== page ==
Printer Friendly

Zolpidem relieves middle-of-night insomnia.

AMSTERDAM -- A sublingual 3.5-mg formulation of Zolpidem tartrate is effective for middle-of-the-night insomnia, producing no tolerance, rebound, or increase in use over 4 weeks, investigators reported at the congress.

"Awakening during the night with difficulty falling back to sleep is a prevalent condition, and a p.r.n. treatment for this is needed as it may decrease overall drug exposure," said the study's coinvestigator, Thomas Roth, Ph.D., of Henry Ford Hospital, Detroit.

Zolpidem sublingual tablets 3.5 mg and 1.75 mg were developed for the treatment of insomnia that is characterized by difficulty returning to sleep after middle-of-the-night (MOTN) awakening. The compound is formulated with binary buffers to promote buccal absorption of a portion of the drug. This facilitates bioavailability, resulting in a rapid return to sleep. Previous studies have found that sublingual Zolpidem significantly reduces sleep latency after MOTN dosing. In a sleep laboratory study, sleep latency time was approximately 28 minutes with placebo but just 10 minutes with Zolpidem 3.5 mg (Sleep 2008;31:1277-84).

"This is a reduced dose of Zolpidem, and importantly it is a sublingual formulation so you achieve much faster blood levels to help you fall back asleep but you reduce the total blood level as compared to taking it prophylactically. The concern is that over time, people take more and more of the medication," Dr. Roth said.

The drug is currently under review by the Food and Drug Administration for MOTN awakening.

In a study designed to address possible abuse liability associated with p.r.n. use of the drug, 75 outpatients received Zolpidem and 71 patients received placebo; all were assessed for latency to sleep onset after MOTN dosing across a 4-week treatment period. For a check of rebound potential, outcomes also were observed on the first night of nondosing after 1 or more nights of medication use.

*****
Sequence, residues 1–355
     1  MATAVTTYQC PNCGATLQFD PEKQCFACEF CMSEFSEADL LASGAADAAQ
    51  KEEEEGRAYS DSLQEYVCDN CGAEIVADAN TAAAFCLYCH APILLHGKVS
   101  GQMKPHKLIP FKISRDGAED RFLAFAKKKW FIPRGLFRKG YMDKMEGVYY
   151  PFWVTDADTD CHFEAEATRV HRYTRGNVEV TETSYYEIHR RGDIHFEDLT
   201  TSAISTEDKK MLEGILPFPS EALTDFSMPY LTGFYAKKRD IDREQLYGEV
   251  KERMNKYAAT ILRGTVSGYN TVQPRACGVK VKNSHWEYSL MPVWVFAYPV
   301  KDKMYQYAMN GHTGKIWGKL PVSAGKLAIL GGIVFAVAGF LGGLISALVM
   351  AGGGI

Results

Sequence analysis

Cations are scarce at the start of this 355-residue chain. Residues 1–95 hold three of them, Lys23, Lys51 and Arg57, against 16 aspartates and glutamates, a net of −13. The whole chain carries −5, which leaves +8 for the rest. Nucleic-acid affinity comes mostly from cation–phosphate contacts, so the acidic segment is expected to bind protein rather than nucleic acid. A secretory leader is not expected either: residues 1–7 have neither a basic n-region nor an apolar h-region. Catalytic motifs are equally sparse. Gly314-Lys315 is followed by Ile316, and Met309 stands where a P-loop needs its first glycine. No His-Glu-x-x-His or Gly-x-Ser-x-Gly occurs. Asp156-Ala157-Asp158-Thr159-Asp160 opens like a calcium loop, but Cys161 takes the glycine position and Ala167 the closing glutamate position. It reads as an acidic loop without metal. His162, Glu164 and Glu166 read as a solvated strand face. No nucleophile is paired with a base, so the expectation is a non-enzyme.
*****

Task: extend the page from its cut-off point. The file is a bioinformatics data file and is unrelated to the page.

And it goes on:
The study found no evidence of residual sleepiness after MOTN dosing with Zolpidem. Patients who received the drug actually reported greater alertness compared with baseline. On a scale of 1-9 (with 9 being most alert), the mean score was 4.9 at baseline, increasing to 5.7 after Zolpidem dosing. Scores in the placebo arm were 4.7 and 5.2, respectively.

Sleep quality also improved significantly. Mean scores were 4.7 at baseline and 5.8 with Zolpidem, vs. 4.5 and 5.2, respectively, with placebo.

The study found no evidence for the development of tolerance to Zolpidem's efficacy. Latency to sleep onset improved over the first 2 weeks, and apparently stabilized by week 3, for both the active-treatment and placebo groups, suggesting a nonspecific trend toward improvement in outcome over time.

The response to the medication did not change across the entire treatment period, and drug use was not different between treatment and placebo groups. In fact, drug use during week 4 was significantly lower than during week 1 in both the active and placebo arms.

There was no evidence of rebound effects on sleep initiation or total sleep time on nondosing nights, regardless of the number of nights of continuous use. On average, for nights during which Zolpidem was not dosed, total sleep time was similar for the active and placebo groups.

Dr. Roth noted that the improvement over placebo of about 20 minutes is clinically meaningful. "It doesn't sound impressive, but try sleeping 20 minutes less every night for 3 months--you'll be in a coma. The effect is cumulative. It's about 2 hours a week."


Major Finding: Persons who received a new formulation of low-dose sublingual Zolpidem for middle-of-the-night insomnia showed no potential for abuse of the drug in the form of dependency, tolerance, or rebound potential, compared with placebo recipients.

Data Source: A 4-week outpatient study of 146 subjects.

Disclosures: Dr. Roth has served as a consultant to Transept Pharmaceuticals Inc., the manufacturer of the sublingual formulation of Zolpidem tartrate. He has also received research support from and had other relationships with numerous V pharmaceutical companies.


COPYRIGHT 2010 International Medical News Group
No portion of this article can be reproduced without the express written permission from the copyright holder.
Copyright 2010 Gale, Cengage Learning. All rights reserved.

Article Details
Printer friendly Cite/link Email Feedback
Author:Helwick, Caroline
Publication:Clinical Psychiatry News
Date:Oct 1, 2010
Previous Article:Hospitalized children with acute pain often underdosed.
Next Article:TNF blockade may lower risk of depression in arthritis.

Terms of use | Privacy policy | Copyright © 2021 Farlex, Inc. | Feedback | For webmasters |